Originally posted in a slightly edited form on French Football Weekly 28th April 2013
Rémi Garde’s Lyon has used a variety of formations this season, utilising 4-2-3-1, 4-4-2, and as a one-off against PSG in December a 3-5-2, but the main work-horse is their 4-1-4-1.
The back four (in blue) is shielded by the ‘anchor’ Maxime Gonalons (in red), with four midfielders (in white) and one forward (in yellow). The wide midfielders often defend deep like this (level with Gonalons) to protect the flanks if the opposition plays with a lot of width.
Garde likes to play forwards, Jimmy Briand, Alexandre Lacazette, Lisandro López, in the wide positions to make a 4-3-3 when attacking or sometimes to press the opponent when the ball is in enemy territory.
Against Tottenham in the first-leg of their Europa League knockout tie, Lyon were extremely aggressive with their pressing – but the striker’s duties (Bafétimbi Gomis in that game) were to engage the centre-backs differently. Jan Vertonghen’s distribution is far superior to that of William Gallas, and Gomis was tasked with pressing Vertonghen, ‘steering’ the ball to Gallas, and forcing Gallas to play the ball up the field – discouraging the play returning to Vertonghen. Likewise with Spurs’ central midfielders; Moussa Dembele was pressed immediately and not allowed any time, almost to the point of being man-marked, whereas the ball was ‘directed’ to Scott Parker.In the image below you can see the player matchups and Parker (marked with green) being left alone – the centre-forward, Gomis (marked with grey) is discouraging the ball to the central defenders.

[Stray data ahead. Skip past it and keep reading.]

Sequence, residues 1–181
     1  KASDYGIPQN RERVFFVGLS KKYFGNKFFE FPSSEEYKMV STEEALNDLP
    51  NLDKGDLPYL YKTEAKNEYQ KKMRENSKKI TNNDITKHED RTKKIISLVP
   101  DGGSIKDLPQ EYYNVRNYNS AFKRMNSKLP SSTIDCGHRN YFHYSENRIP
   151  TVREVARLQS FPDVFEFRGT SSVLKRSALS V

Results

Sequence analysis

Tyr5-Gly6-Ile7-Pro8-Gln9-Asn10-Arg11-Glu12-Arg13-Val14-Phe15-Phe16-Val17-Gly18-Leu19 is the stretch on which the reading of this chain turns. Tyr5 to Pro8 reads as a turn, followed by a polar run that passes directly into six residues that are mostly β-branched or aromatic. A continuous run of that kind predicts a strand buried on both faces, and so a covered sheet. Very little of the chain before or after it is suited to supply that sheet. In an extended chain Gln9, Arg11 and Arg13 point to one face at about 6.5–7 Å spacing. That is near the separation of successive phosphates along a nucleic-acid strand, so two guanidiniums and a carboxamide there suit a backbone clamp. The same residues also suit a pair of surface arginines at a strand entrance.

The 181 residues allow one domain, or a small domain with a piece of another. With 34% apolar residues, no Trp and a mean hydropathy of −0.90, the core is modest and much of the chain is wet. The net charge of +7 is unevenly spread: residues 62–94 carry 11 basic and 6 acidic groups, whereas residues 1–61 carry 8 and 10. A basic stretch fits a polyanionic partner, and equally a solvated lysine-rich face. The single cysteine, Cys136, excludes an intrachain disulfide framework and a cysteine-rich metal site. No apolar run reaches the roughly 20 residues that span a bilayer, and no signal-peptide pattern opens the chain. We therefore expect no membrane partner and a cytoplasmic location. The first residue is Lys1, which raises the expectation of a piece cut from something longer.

Parker was harried after he received the ball, but with Tottenham’s fullbacks pushed up very high, he was often forced to dump the ball on the centre-backs, who were being pressed intelligently by the hard-working Gomis.